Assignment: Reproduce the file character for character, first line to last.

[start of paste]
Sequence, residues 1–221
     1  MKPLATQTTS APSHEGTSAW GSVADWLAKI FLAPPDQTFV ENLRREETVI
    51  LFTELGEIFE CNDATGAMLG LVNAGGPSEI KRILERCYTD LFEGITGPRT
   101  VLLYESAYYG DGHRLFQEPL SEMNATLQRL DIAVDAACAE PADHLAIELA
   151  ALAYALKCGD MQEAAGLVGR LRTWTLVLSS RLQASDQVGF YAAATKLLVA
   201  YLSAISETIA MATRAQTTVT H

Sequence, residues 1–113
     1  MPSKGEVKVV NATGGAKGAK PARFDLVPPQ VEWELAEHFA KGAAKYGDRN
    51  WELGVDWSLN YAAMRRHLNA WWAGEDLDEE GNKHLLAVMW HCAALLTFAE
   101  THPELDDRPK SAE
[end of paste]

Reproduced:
Sequence, residues 1–221
     1  MKPLATQTTS APSHEGTSAW GSVADWLAKI FLAPPDQTFV ENLRREETVI
    51  LFTELGEIFE CNDATGAMLG LVNAGGPSEI KRILERCYTD LFEGITGPRT
   101  VLLYESAYYG DGHRLFQEPL SEMNATLQRL DIAVDAACAE PADHLAIELA
   151  ALAYALKCGD MQEAAGLVGR LRTWTLVLSS RLQASDQVGF YAAATKLLVA
   201  YLSAISETIA MATRAQTTVT H

Sequence, residues 1–113
     1  MPSKGEVKVV NATGGAKGAK PARFDLVPPQ VEWELAEHFA KGAAKYGDRN
    51  WELGVDWSLN YAAMRRHLNA WWAGEDLDEE GNKHLLAVMW HCAALLTFAE
   101  THPELDDRPK SAE